Book Review: Autumn, by Ali Smith

Available in bookshops nationwide.Available in bookshops nationwide.

cv_autumnWhile this novel was promoted as the “first post-Brexit novel” it is far more than a story about opinions and divisions. Rather, it reads like poetry and narrative twisting together. The chapters are interspersed with reflections, lists, words, musings which create an impression rather than telling a straight line story.

But there is a story line, or rather two. Elisabeth (the spelling matters) is an art history lecturer struggling with the down-sizing and marginalising of her subject. The second story is about a 101-year-old Daniel Gluck who was her neighbour and babysitter in her childhood. He is now in a care home and she acknowledges the part he played in introducing her to, “arty art,” in which she majored at university. Even the subject of her dissertation, Pauline Boty, is based on a real person and the real events surrounding her life and works. It is this movement between worlds which are real and imagined that gives the book such beauty.

Autumn is the first of a quartet based on the seasons. Ali Smith has already established herself as an inventive writer and the way she plays with words, thoughts, time and events is innovative and exciting. This is not a straight-line story. The plot moves forward but slips sideways to fill in the spaces at the edges. Amid such innovation she uses an ageless framing device for the overall story. At the beginning the young Elisabeth is asked for a” Portrait in Words of my next door neighbour”. Towards the end of the story we are given the completed exercise. It is written in the unpunctuated language of a young girl, but the portrait includes much of what has been uncovered in the story.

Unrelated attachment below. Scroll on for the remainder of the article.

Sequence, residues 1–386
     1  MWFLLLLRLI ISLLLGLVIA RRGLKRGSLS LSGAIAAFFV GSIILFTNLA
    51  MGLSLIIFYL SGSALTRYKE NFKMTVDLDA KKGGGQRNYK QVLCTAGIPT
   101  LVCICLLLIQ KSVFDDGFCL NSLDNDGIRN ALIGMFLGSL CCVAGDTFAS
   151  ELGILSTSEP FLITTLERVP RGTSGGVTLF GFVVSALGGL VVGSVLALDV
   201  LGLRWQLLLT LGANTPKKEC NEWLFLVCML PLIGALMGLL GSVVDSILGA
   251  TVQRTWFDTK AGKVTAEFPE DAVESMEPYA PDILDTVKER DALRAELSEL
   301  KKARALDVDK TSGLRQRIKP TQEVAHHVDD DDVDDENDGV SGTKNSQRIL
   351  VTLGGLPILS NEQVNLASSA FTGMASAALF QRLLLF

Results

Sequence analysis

I enjoyed Autumn more as a drifting, reflective read than a gripping tale. It reminded me that language can be so much more than words on a page. Language can paint, can emote, can create.

Reviewed by Kathy Watson

by Ali Smith
Published by Hamish Hamilton Ltd
ISBN 9780241207017

Book Review: The News: A User’s Manual, by Alain de Botton

Available in bookstores nationwide.cv_the_news_a_users_manual

I loved this book so much that when I left the review copy on a plane, I scoured the bookshops of Palo Alto to buy another.

In part, that was because the gentle wit of the philosopher Alain de Botton made what threatened to be an irritating panegyric so enjoyable to a purveyor of the dark craft of journalism, such as myself.

And in part, it was because de Botton slyly manages both to critique the shallow, manipulative ways of the news agenda while also suggesting that much of its appeal lies in its ability to give shape and meaning to our own, far more ordinary lives than those described in the pages of most news publications.

He also manages, for 255 pages, to come up with an endless supply of entertaining examples of the sorts of news he’s talking about.

For example, he identifies in his preface several classics of the genre: man falls asleep on a motorway overpass and crashes onto a caravan below, killing a family of five; a murder in which the victim is “found in pieces in the truck of a minicab”; a story that “rehearses the particulars of an affair between a tennis coach and her 13 year-old pupil.”

“These occurrences, so obviously angry_mandemented, invite us to feel sane and blessed by comparison,” writes de Botton. “We can turn away from them and experience a new sense of relief at our predictable routines, at how tightly bound we have kept our more unusual desires, and at our restraint in never yet having poisoned a colleague or entombed a relation under the patio.”